6. ESF


    Nils, your work is stunning; breathtakingly beautiful in its scope and execution. Thank you for sharing with us. Steve
  7. And here's a few more after masking was removed. Thanks, and remember if you don't like the paint, sand it down and do it again. When I did the inside of the stern block I shook the small bottle of primer but forgot to stir it well. The primer stayed soft and nothing I could do would cover it - it kept bleeding through. So I stripped it off and started over. Steve
  8. Zachary, The short answer is many years of painting around the house, one plastic model (Revell Saturn V) which taught me some skills at using small brushes and careful masking, and a bunch of reading on MSW. The rest of it was patience (prep and repeat, paint and repeat) until it looked like I wanted it. There was zero speed. As for what I did on Bowdoin see below. I've also included some pics at the end. The suggestion for using the ready-patch to "butter" the entire hull before starting the main sanding came from Charlie at Bluejacket. After multiple rounds of sanding back to the wood, filling the remaining low spots, sanding down the high spots and doing it all again, the hull was quite smooth. I spray primed with a can of KILZ because I have used it on projects around the house and found it to be a good sealer/primer. It took more than one coat because the primer highlighted any remaining defects, that needed filling/sanding again. I tried to keep the coats light. Then I drew the waterline and taped along the line with an automotive masking tape which had enough flexibility to follow the curves. I placed the tape so I could brush paint the upper hull white. I wanted to brush the final coats since I understand most ships were brush painted and I wanted some fine brush strokes in the finish. At the stern I had to use some shorter pieces due to the severity of the curve. This required several coats, again with sanding and spot filling in between. After the white was thoroughly dry I pulled the masking tape off and re-masked the waterline, on the other side of the line, to give me a sharp edge against which to paint the lower hull the red color. I tried to use the same number of coats of white and red so the line between the coats would be flush at the surface of the paint. When I removed the second masking there were some small bleed areas of red over white where the masking tape wasn't fully burnished down. I was a bit chagrined, but soon discovered that by using my magnifier headset, a no. 11 blade and more patience I could scrape off the red bleeds without damaging the underlying white. It's amazing what you can do when you take your time working close up. After the color painting I flattened the paint with a combination of paper towel followed by Kleenex, again based on a tip I saw. These have just enough roughness to the surface to smooth the paint. After all that and a final wipe down I sprayed a few coats of Testors dullcote to remove any gloss. Here are a few pics:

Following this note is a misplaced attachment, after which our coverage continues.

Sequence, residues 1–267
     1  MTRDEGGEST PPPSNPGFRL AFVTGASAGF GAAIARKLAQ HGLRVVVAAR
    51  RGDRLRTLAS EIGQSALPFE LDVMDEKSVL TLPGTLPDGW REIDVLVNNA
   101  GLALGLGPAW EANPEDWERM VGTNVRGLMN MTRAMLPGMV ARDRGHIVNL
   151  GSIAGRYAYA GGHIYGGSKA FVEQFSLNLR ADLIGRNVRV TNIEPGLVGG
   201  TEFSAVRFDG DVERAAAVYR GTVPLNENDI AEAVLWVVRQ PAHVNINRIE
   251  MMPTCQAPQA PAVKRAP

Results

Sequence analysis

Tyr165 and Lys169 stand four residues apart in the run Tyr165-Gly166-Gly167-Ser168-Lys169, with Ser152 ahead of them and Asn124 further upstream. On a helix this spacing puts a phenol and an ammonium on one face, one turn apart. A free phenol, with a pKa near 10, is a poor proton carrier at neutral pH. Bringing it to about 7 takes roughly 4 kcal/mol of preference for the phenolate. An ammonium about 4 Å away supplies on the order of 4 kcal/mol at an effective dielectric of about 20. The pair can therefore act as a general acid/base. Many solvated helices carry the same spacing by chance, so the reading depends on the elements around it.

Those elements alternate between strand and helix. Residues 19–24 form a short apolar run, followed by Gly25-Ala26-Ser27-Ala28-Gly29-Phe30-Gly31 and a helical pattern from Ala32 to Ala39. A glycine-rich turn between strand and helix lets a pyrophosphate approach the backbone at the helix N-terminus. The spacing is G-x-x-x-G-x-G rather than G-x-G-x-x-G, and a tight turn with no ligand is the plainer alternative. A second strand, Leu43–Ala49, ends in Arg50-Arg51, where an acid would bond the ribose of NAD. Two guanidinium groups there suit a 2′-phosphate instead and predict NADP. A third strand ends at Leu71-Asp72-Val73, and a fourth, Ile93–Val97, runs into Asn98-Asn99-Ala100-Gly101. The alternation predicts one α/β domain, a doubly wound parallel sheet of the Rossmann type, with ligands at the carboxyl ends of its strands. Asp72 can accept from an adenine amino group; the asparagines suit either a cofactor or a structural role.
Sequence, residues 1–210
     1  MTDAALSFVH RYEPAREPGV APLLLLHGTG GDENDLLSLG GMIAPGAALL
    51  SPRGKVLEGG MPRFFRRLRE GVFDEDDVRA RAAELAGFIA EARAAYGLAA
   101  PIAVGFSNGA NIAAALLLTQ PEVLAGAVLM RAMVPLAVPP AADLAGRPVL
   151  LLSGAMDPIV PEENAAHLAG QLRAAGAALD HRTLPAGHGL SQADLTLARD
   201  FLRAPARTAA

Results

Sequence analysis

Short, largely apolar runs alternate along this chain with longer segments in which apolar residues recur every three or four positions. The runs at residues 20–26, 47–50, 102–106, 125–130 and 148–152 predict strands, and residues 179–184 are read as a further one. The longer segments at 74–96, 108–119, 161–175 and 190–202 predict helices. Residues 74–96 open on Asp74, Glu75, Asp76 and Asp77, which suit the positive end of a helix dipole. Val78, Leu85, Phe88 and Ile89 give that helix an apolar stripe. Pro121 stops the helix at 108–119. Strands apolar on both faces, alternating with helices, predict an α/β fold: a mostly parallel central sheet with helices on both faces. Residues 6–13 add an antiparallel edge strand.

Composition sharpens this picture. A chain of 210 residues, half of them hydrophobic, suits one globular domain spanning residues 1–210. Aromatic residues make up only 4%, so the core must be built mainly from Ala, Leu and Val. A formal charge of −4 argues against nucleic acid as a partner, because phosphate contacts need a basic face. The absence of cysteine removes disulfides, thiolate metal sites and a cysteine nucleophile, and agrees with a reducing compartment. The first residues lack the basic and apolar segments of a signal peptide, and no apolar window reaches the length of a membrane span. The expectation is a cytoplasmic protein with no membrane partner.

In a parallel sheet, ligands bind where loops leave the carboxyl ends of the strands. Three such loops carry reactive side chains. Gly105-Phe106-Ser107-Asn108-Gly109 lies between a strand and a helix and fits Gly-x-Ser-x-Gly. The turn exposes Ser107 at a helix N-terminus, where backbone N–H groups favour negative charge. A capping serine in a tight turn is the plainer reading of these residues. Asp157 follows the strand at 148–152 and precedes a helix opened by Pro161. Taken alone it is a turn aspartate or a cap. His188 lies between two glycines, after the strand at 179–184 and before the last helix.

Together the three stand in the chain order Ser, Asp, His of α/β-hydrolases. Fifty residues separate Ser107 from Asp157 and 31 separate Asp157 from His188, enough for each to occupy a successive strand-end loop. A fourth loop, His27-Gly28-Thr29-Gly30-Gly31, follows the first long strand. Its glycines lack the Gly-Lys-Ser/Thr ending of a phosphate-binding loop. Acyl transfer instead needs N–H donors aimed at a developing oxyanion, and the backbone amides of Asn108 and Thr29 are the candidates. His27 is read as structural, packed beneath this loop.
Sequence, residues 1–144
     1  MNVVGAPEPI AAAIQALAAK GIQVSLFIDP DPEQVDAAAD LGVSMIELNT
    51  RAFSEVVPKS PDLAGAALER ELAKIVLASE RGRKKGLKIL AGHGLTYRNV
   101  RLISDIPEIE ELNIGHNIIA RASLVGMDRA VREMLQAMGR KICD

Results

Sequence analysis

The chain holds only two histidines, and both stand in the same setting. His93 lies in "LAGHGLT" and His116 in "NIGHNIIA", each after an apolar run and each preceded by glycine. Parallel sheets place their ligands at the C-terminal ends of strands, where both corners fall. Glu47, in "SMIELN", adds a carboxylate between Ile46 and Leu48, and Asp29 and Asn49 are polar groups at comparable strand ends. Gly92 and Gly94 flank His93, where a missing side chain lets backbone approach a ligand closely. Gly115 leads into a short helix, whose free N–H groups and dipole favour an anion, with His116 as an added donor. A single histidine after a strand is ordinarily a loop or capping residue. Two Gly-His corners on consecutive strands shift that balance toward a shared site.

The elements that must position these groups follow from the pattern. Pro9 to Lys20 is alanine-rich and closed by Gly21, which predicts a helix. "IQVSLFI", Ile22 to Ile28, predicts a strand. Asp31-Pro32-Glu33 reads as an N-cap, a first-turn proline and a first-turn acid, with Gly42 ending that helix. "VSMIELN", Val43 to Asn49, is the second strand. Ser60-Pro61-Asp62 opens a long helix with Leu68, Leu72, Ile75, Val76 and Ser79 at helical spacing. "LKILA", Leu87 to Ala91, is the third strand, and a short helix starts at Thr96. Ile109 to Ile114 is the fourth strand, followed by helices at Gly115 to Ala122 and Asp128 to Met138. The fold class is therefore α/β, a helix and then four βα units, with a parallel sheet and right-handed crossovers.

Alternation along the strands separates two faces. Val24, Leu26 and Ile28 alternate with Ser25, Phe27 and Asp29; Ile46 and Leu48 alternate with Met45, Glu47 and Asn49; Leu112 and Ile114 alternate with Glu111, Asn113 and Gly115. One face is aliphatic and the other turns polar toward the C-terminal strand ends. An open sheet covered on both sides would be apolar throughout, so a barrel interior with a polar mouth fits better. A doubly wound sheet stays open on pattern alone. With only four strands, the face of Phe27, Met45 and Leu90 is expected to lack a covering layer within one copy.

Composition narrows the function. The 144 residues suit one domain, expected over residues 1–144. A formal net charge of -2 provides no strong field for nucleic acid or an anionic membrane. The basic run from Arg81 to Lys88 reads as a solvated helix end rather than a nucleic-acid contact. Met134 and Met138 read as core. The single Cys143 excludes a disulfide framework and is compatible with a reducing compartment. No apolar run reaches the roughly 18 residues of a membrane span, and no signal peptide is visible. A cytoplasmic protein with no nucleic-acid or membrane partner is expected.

9. Piet, I just discovered your wonderful project. Your finished build has a terrific sense of motion and action, and combined with your story telling the diorama truly captures what must have been a harrowing moment of desperation. Well done, and Godspeed to you and your family. Thank you for sharing this remarkable journey. Steve